Northeast Passage from Flat Earth Brewing Co. has a brutally bitter edge.
, Star Tribune
TRYING TO EXPLAIN FURIOUS
You can't talk about hops in Minnesota without mentioning Surly Furious. Like some other beers from the Brooklyn Center brewery, Furious is a bit of a style-bender. Is it an IPA or is it a West Coast-style Imperial Red Ale? That depends on whom you ask. Whatever the style, it's brazenly bitter and loaded down with citrus and pine-resin hop flavors. But it's not without sweetness. Caramel malt with a touch of biscuit plays backup. What's interesting to me is that, despite its ferocity, Furious has become a gateway to craft beer for many beer-curious drinkers. This is not a beer that the unseasoned should like, but it seems that they do.
Liquid Asssets: When bitter is good
- Article by: Michael Agnew
- April 4, 2012 - 2:05 PM
There is something about spring that makes me crave bitter beer. The lengthening days just seem to demand a drink with flavors that are bright and brash. The weather -- sometimes stormy, though warming with still a chill -- is not unlike the refreshing, sensory slap of an IPA or pale ale; it may bite just a bit, but it still draws you in. Yes, spring to me is the season for hops.
For brewers the cone-like flower of the hop vine is like spice to malted barley's meat and potatoes. Different varieties bring an assortment of flavors such as citrus, pine, flowers, herbs and fresh-cut grass. Hops also supply the brisk bitterness that makes hoppy beers so refreshing.
American-style pale ales are the true showcase for hops. The meager malt serves only to keep the hops from being lonely. Sierra Nevada Pale Ale is considered the originator of the style. In my view it is still among the best. It's sharp and dry, with bitterness that barks but doesn't quite bite. The pithy grapefruit flavors of American Cascade hops ride over the top and carry it to a refreshing finish.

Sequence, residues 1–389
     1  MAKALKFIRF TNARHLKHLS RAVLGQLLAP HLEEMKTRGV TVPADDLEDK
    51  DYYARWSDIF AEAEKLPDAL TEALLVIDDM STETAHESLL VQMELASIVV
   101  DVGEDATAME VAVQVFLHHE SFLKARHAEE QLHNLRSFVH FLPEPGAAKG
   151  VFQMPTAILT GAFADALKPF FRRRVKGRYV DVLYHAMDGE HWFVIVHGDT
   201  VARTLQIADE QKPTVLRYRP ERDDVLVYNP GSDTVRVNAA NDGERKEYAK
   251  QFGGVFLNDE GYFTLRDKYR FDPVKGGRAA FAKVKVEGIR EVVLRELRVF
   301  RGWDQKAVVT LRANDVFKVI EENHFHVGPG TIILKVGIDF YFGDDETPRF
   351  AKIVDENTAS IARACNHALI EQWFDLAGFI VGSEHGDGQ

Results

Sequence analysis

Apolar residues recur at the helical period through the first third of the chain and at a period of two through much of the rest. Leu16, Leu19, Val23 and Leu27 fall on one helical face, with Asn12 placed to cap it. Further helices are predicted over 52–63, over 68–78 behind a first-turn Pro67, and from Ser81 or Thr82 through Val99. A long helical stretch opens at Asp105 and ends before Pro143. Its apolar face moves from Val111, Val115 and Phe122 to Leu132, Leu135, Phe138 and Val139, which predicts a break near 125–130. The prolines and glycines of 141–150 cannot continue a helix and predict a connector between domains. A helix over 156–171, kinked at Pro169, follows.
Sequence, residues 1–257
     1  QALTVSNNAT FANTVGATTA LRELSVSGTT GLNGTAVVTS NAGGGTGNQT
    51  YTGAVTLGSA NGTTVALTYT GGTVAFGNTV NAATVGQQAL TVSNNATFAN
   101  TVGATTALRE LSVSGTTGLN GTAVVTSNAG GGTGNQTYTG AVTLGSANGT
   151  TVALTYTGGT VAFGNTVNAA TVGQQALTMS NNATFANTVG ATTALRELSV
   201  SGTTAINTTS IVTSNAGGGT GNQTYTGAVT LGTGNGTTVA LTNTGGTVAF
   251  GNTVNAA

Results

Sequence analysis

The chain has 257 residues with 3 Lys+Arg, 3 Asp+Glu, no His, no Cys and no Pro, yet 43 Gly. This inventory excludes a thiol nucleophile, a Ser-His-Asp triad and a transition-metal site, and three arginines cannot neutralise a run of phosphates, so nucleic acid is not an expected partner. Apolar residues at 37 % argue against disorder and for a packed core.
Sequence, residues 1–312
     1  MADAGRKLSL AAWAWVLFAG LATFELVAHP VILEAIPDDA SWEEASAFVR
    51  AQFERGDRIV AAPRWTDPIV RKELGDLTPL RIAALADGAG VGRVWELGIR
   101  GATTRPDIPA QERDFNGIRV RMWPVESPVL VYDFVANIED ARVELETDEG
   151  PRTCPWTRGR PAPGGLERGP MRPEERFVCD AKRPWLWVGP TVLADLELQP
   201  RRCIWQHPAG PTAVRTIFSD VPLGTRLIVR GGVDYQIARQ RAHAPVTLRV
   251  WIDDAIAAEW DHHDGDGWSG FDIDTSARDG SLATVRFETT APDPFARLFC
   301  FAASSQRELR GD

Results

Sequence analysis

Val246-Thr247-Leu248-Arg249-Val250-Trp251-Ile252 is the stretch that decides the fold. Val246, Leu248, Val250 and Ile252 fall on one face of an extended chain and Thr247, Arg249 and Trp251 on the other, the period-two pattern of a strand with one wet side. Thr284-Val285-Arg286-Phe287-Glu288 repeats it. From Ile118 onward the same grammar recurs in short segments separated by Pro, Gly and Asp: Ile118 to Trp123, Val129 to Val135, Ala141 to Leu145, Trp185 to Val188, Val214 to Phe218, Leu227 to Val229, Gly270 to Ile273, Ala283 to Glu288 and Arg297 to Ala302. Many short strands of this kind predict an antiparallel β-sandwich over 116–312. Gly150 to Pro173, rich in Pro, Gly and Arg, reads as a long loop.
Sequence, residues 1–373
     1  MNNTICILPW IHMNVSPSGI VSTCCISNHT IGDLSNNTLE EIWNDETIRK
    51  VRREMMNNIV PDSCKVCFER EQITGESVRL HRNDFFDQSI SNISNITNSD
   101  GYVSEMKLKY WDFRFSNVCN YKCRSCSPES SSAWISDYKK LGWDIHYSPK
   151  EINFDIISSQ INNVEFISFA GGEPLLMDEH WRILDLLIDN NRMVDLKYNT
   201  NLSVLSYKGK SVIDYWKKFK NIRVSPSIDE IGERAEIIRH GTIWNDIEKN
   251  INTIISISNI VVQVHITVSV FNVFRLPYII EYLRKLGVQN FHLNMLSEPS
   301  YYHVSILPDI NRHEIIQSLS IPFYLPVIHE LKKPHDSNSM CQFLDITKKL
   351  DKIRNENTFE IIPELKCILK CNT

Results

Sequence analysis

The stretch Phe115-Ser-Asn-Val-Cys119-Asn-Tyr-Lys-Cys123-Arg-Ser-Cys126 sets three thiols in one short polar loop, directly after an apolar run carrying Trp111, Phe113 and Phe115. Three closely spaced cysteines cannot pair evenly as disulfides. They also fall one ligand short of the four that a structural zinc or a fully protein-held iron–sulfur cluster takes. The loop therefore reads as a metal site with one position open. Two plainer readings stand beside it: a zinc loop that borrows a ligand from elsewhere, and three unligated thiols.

Crosscut Pale Ale from Lift Bridge in Stillwater takes that citrus character a step further with the addition of actual grapefruit peel. The zest doesn't stand out; it serves more as a hop flavor booster. This beer's bitter bite is balanced by light toffee malt. It's a nice beer to savor on the porch.
India Pale Ale is a step up the ladder in hoppiness and alcoholic strength. Malt plays a bigger role, but hops still steal the show. Steel Toe Brewing's Size 7 IPA is one of the best locally brewed examples. It's a bitter beer, but the focus really is on hop flavor. It practically drips with juicy citrus and tropical fruit. Lightly biscuity malt provides a near-balancing bed.
If you want an IPA with a brutally bitter edge, the locally brewed Northwest Passage from Flat Earth Brewing will definitely satisfy that craving. The brewery calls this "the hoppiest IPA in the Midwest." It is unapologetically unbalanced. Hops are not just the star of this show; they are practically the only actor.
India Pale Ale originated in Britain and the English version is still my favorite. While still hop-centric, it offers more malty balance than its American offspring. One of the best is Meantime IPA. It has a solid base of biscuity, toffee malt. Grassy hop flavors overlaid with orange marmalade and apricot notes make this one a true delight.
Michael Agnew is a certified cicerone (beer-world version of sommelier) and owner of A Perfect Pint. He conducts beer tasting events in the Twin Cities, and can be reached at michael@ aperfectpint.net.
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